381 Myrrha

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381 Myrrha
Discovery
Discovered by Auguste Charlois
Discovery date 10 January 1894
Designations
Named after
Myrrha
1894 AS
Main belt
Orbital characteristics[1]
Epoch 31 July 2016 (JD 2457600.5)
Uncertainty parameter 0
Observation arc 122.27 yr (44658 d)
Aphelion 3.5124 AU (525.45 Gm)
Perihelion 2.93357 AU (438.856 Gm)
3.22298 AU (482.151 Gm)
Eccentricity 0.089797
5.79 yr (2113.4 d)
16.6 km/s
350.739°
0° 10m 13.224s / day
Inclination 12.558°
125.102°
142.930°
Earth MOID 1.92798 AU (288.422 Gm)
Jupiter MOID 1.69862 AU (254.110 Gm)
Jupiter Tisserand parameter 3.145
Physical characteristics
Dimensions 120.58±2.7 km[1]
147.2×126.6 km
123.41 ± 6.30 km[2]
Mass (9.18 ± 0.80) × 1018 kg[2]
Mean density
9.32 ± 1.64 g/cm3[2]
6.572 h (0.2738 d)
0.0609±0.003
C
8.25

381 Myrrha is a very large main-belt asteroid that was discovered by French astronomer Auguste Charlois on January 10, 1894, in Nice.[3] It is classified as a C-type asteroid and is probably composed of carbonaceous material.

Photometric observations of this asteroid at the Oakley Observatory in Terre Haute, Indiana during 2006 gave a light curve with a period of 6.572 ± 0.002 hours and a brightness variation of 0.34 ± 0.05 in magnitude.[4]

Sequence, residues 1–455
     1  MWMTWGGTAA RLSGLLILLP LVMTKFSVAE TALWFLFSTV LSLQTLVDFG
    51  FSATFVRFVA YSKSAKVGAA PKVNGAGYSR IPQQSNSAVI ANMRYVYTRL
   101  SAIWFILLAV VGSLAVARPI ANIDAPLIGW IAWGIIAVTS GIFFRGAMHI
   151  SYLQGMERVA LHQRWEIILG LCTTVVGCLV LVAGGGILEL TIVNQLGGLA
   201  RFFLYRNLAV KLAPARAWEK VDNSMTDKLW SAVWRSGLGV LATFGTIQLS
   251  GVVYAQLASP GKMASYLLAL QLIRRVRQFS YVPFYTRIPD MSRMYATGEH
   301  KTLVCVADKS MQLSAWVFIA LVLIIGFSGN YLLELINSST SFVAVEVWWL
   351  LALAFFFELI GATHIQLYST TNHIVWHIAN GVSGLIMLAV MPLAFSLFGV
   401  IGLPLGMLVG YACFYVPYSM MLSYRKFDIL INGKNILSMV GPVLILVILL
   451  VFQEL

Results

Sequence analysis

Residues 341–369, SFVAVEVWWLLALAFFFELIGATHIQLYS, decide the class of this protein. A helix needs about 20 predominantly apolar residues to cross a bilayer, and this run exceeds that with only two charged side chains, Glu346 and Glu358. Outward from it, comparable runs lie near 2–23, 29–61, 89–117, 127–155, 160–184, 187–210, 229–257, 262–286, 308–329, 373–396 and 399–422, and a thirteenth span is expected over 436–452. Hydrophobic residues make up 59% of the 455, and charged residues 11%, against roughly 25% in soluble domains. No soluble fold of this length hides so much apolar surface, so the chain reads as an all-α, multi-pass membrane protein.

10µ radiometric data collected from Kitt Peak in 1975 gave a diameter estimate of 126 km.[5] The occultation of AlhenaGeminorum) by Myrrha was observed in Japan and China on January 13, 1991, allowing the size and shape of Myrrha to be clarified.

References[edit]

  1. ^ a b Yeomans, Donald K., "381 Myrrha", JPL Small-Body Database Browser, NASA Jet Propulsion Laboratory, retrieved 10 May 2016. 
  2. ^ a b c Carry, B. (December 2012), "Density of asteroids", Planetary and Space Science, 73, pp. 98–118, arXiv:1203.4336free to read, Bibcode:2012P&SS...73...98C, doi:10.1016/j.pss.2012.03.009.  See Table 1.
  3. ^ "Numbered Minor Planets 1–5000", Discovery Circumstances, IAU Minor Planet center, retrieved 2013-04-07. 
  4. ^ Ditteon, Richard; Hawkins, Scot (September 2007), "Asteroid Lightcurve Analysis at the Oakley Observatory - October-November 2006", The Minor Planet Bulletin, 34 (3), pp. 59–64, Bibcode:2007MPBu...34...59D. 
  5. ^ Morrison, D.; Chapman, C. R. (March 1976), "Radiometric diameters for an additional 22 asteroids", Astrophysical Journal, 204, pp. 934–939, Bibcode:2008mgm..conf.2594S, doi:10.1142/9789812834300_0469. 

External links[edit]